Each time I visit my ancestors' hometowns in Italy, I get a bit more adventurous.
|Trip #1 to Grandpa's hometown.
While staying at a cliffside hotel in Sorrento, home of limoncello, we took a day trip to the city of Benevento. Benevento is the province where every one of my ancestors (save one) came from.
We arrived in Benevento without a real plan. But we found out we could take a bus to my grandfather's hometown of Colle Sannita. So we hopped on.
During the ride, we learned the last bus back to the Benevento train station was leaving 45 minutes after our arrival. The bus was filled with college students who were all trying to be helpful. Some suggested we stay in the beautiful hotel in Colle Sannita called Ca' del Ré.
But all our stuff was in the hotel in Sorrento. So we resigned ourselves to a quick walk through town, and we headed back to the bus. We missed that bus because we got trapped in a bank that was in the midst of a power outage. I've written that improbable tale elsewhere.
The bottom line is, I got only a taste of my roots.
Two years later we planned a second trip to Italy. I'd made contact with a cousin in New York whose sisters still lived in Grandpa's hometown of Colle Sannita. We worked out the details so they were expecting my arrival.
|Trip #2 to where Grandpa actually lived.
The last person we visited that night was my grandfather's first cousin Libera. She wanted me to visit her daughter and two grandchildren the next day. Each one owned a restaurant in the city of Benevento. We met them and spent another entire day being treated with love and generosity.
That's the dream, right? To go to your ancestor's hometown, meet all the relatives, share stories and feel like you belong to the family. It was heaven.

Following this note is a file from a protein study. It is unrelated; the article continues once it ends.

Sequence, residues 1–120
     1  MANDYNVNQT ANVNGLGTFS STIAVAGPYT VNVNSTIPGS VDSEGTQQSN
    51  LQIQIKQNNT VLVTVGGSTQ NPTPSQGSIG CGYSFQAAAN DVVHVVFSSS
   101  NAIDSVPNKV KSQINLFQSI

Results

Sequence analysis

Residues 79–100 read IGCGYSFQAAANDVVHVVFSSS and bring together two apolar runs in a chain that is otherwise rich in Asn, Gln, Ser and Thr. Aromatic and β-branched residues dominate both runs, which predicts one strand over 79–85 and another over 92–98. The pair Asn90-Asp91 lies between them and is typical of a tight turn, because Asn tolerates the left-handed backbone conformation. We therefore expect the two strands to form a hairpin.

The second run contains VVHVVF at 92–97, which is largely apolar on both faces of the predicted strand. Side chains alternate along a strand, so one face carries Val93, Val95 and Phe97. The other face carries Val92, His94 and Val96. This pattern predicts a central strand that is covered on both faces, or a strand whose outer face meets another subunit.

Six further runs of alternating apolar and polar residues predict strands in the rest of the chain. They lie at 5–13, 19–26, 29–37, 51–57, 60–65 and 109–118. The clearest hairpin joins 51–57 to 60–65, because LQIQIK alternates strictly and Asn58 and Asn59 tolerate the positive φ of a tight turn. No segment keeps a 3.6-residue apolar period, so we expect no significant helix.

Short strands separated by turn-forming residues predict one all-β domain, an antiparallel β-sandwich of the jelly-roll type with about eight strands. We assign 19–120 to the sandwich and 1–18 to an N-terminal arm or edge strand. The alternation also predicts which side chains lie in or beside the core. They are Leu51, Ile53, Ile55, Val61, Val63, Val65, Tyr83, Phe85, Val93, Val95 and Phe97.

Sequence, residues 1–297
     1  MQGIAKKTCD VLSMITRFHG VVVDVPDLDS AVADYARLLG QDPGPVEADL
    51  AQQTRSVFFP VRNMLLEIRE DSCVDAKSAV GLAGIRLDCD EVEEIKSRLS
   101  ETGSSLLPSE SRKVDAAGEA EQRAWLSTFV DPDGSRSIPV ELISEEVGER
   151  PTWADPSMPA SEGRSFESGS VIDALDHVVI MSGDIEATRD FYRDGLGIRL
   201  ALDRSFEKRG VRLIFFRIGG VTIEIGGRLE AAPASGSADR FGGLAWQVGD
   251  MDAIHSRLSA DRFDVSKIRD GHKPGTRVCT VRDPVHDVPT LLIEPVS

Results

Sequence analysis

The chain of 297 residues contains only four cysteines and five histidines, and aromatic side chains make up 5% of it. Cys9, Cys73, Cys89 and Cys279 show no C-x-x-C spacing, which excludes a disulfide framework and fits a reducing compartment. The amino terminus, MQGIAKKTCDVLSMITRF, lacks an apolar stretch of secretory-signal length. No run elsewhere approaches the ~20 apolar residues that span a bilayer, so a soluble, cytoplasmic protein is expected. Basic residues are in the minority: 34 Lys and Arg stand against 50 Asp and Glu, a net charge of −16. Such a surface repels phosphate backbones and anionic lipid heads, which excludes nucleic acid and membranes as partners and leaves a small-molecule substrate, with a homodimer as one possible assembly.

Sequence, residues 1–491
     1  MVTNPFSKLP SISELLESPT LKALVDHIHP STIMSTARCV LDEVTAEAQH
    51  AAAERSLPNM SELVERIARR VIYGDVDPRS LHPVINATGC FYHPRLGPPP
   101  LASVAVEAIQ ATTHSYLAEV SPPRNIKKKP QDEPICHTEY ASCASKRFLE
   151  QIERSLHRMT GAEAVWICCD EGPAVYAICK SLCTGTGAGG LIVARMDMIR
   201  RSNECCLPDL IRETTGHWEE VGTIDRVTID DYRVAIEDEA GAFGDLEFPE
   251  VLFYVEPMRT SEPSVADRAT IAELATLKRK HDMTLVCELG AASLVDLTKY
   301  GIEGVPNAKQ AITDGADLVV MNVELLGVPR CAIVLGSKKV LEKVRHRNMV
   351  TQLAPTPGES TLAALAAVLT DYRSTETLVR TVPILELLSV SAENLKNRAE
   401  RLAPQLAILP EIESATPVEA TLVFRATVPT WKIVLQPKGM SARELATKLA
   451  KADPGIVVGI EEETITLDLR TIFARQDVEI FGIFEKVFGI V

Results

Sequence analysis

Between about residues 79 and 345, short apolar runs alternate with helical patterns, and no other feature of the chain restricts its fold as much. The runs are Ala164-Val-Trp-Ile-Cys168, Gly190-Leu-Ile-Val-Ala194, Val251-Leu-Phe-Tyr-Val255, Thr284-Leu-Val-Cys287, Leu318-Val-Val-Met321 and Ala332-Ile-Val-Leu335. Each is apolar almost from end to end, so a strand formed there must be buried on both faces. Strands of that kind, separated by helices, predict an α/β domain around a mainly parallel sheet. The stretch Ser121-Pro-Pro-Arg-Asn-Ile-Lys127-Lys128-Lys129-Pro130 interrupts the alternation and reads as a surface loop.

|Trip #3, soaking in Grandpa's hometown
We visited my cousins with the restaurants again and had a lovely time. We visited my cousin's home and talked about their grandparents—my great grandparents. We walked through the heart of town. The very same streets I'd looked at on Google Street View time and time again came to life beneath my feet.
Now, on the third try, I've seen it. I've gotten a glimpse of my life if my grandfathers and half of my great grandparents hadn't come to America.
You know what? I liked what I saw.
I wouldn't have the same career, maintaining corporate websites from home with my high-speed internet connection. But I would be there among ancient Roman relics, homes that dated back hundreds of years, and a breathtaking countryside.
If you can make the journey to any of your ancestors' hometowns in the "old country", be sure to slow down. Walk through the center of town and observe the people. Say hello to them. You may find they're more friendly and courteous to strangers than you're used to at home.
I'm already thinking about what trip #4 might be like. My goal? To stay longer. To live there for two or three months at a time. To become a familiar face in the piazza. To honor my ancestors.